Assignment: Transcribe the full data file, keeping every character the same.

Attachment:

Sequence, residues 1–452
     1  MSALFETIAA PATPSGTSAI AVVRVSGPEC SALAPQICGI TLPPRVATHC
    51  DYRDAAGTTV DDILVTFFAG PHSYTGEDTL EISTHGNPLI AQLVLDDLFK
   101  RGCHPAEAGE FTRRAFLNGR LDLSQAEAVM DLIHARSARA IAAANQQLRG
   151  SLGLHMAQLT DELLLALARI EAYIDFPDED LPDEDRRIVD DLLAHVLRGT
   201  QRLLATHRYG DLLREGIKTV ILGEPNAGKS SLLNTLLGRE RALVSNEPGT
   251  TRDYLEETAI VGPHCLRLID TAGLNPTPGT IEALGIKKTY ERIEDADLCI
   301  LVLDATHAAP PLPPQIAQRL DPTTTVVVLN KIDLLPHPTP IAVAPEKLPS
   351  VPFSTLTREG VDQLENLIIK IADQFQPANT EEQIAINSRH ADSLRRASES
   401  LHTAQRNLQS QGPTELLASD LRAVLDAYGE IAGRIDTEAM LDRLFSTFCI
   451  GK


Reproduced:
Sequence, residues 1–452
     1  MSALFETIAA PATPSGTSAI AVVRVSGPEC SALAPQICGI TLPPRVATHC
    51  DYRDAAGTTV DDILVTFFAG PHSYTGEDTL EISTHGNPLI AQLVLDDLFK
   101  RGCHPAEAGE FTRRAFLNGR LDLSQAEAVM DLIHARSARA IAAANQQLRG
   151  SLGLHMAQLT DELLLALARI EAYIDFPDED LPDEDRRIVD DLLAHVLRGT
   201  QRLLATHRYG DLLREGIKTV ILGEPNAGKS SLLNTLLGRE RALVSNEPGT
   251  TRDYLEETAI VGPHCLRLID TAGLNPTPGT IEALGIKKTY ERIEDADLCI
   301  LVLDATHAAP PLPPQIAQRL DPTTTVVVLN KIDLLPHPTP IAVAPEKLPS
   351  VPFSTLTREG VDQLENLIIK IADQFQPANT EEQIAINSRH ADSLRRASES
   401  LHTAQRNLQS QGPTELLASD LRAVLDAYGE IAGRIDTEAM LDRLFSTFCI
   451  GK